For example, a differential pair circuit may be used as a current mode variable gain amplifier. However, this circuit is only capable of attenuating signals and not amplifying. A fixed gain amplifier could be placed in front of a differential pair in order to provide a wider range of gains. However, this approach would waste power.
Another type of current mode variable gain amplifier relies on the exponential relationship between the base-emitter voltage and collector current of a bipolar transistor. However, this circuit is to sensitive to the emitter resistance of the bipolar transistor, which could cause gain errors and distortion.
The present invention is directed to a current amplifier. The current amplifier according to the present invention includes a voltage amplifier with a predetermined gain, an input and an output. A transistor is connected to the output of the voltage amplifier. A differential pair of transistors is connected between the transistor and the input of the voltage amplifier. The gain of the current amplifier varies according to the to the voltage applied to the input of the differential pair of transistors. Further, a current through the transistor will be divided into a feedback current and an output current according to the voltage applied to the input of the differential pair of transistors.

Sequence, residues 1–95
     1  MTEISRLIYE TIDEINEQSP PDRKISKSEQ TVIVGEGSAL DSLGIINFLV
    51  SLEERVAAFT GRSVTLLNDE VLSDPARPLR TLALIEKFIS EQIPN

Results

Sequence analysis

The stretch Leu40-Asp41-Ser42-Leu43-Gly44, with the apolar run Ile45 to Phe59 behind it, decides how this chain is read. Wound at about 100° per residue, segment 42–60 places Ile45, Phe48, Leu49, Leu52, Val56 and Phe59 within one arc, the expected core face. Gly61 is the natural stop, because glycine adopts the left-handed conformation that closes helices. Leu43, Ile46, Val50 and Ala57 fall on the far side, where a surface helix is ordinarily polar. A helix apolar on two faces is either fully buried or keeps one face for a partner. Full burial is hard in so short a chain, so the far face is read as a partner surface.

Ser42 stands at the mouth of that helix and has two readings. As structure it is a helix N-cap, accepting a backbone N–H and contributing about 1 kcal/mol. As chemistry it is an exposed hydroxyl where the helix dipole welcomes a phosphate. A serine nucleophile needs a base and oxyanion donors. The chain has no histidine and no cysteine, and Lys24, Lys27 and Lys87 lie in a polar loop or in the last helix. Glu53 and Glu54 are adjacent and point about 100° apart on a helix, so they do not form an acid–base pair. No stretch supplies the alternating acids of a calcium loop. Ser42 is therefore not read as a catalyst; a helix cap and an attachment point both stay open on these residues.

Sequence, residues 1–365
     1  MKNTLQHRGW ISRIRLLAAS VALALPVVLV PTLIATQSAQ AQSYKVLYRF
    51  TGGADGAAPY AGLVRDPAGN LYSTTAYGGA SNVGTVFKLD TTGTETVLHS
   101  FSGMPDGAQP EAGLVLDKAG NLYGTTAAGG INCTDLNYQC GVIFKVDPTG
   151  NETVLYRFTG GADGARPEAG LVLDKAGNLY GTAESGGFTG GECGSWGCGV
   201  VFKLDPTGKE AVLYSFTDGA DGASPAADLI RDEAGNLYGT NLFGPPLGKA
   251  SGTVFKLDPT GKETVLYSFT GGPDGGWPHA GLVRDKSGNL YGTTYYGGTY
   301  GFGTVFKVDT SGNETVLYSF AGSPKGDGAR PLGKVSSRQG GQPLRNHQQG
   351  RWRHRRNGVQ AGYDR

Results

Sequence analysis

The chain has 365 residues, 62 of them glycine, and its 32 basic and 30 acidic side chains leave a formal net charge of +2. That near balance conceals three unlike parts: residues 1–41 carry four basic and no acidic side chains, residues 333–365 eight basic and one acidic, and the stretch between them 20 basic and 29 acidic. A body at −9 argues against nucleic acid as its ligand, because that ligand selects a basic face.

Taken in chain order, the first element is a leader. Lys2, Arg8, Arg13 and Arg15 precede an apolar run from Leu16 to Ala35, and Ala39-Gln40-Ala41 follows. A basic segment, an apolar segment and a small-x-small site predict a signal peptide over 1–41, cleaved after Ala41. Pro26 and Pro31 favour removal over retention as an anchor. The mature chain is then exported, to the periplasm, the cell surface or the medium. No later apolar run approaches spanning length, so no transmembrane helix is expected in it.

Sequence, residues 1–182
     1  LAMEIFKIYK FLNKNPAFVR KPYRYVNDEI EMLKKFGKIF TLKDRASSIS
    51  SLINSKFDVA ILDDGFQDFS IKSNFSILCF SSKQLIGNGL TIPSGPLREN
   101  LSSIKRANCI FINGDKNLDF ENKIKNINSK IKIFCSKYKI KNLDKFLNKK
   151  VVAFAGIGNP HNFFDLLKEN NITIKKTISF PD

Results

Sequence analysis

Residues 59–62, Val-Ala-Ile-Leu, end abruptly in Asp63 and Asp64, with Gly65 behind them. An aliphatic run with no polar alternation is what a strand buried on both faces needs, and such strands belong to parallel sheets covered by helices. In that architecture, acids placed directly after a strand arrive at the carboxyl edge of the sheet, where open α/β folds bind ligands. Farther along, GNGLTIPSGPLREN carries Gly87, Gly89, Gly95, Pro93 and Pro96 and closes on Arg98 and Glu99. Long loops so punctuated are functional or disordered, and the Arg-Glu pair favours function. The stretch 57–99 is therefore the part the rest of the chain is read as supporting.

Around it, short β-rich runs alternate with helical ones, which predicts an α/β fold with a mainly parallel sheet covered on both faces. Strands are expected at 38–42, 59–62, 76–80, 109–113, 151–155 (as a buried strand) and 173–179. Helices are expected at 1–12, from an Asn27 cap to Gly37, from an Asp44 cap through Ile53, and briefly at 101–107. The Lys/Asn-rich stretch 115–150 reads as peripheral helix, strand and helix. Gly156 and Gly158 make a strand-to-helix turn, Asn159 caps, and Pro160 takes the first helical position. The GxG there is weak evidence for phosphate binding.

The present invention is also directed to a method of amplifying a current. The method according to the present invention includes a voltage being developed that is proportional to the current. The voltage is amplified according to a predetermined gain to produce an amplified voltage. A second current is produced that is proportional to the amplified voltage. Further, the second current is divided into a feedback current and an output current according to a control voltage.
FIG. 1 is a diagram illustrating the use of a variable gain amplifier;
FIG. 2 is a diagram of one embodiment of a variable gain current amplifier according to the present invention;
FIG. 3 is a diagram of a more detailed embodiment of a variable gain current amplifier according to the present invention; and,
FIG. 4 is a diagram of another more detailed embodiment of a variable gain current amplifier according to the present invention.